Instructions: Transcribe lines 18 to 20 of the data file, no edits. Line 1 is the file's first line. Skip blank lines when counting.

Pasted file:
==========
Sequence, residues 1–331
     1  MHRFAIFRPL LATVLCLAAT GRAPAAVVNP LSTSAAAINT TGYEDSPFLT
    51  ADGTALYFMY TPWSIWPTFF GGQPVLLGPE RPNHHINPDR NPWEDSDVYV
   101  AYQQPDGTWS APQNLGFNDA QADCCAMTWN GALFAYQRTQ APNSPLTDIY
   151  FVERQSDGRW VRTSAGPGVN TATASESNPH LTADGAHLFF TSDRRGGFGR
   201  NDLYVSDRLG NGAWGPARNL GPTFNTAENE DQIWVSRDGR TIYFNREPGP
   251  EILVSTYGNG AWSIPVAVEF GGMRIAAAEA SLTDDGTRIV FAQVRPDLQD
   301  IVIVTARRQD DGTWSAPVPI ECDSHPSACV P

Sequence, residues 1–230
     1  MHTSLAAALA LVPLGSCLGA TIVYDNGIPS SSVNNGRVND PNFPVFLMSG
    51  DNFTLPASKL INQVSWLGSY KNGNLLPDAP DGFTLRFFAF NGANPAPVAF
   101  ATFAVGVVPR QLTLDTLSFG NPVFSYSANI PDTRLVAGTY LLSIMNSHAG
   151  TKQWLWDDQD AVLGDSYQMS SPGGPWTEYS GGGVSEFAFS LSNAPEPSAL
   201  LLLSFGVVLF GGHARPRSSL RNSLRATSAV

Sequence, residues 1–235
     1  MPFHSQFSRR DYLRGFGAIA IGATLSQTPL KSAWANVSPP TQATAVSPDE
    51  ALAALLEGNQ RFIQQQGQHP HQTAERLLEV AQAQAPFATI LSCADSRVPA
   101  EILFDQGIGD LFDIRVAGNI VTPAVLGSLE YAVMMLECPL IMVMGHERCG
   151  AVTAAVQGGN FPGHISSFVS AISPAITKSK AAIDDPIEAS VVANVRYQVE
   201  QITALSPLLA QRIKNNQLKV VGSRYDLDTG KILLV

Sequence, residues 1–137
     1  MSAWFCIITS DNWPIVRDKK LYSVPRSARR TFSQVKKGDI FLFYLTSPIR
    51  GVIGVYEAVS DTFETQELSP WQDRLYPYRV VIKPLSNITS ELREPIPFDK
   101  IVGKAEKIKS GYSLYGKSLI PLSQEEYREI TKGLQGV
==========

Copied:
   101  EILFDQGIGD LFDIRVAGNI VTPAVLGSLE YAVMMLECPL IMVMGHERCG
   151  AVTAAVQGGN FPGHISSFVS AISPAITKSK AAIDDPIEAS VVANVRYQVE
   201  QITALSPLLA QRIKNNQLKV VGSRYDLDTG KILLV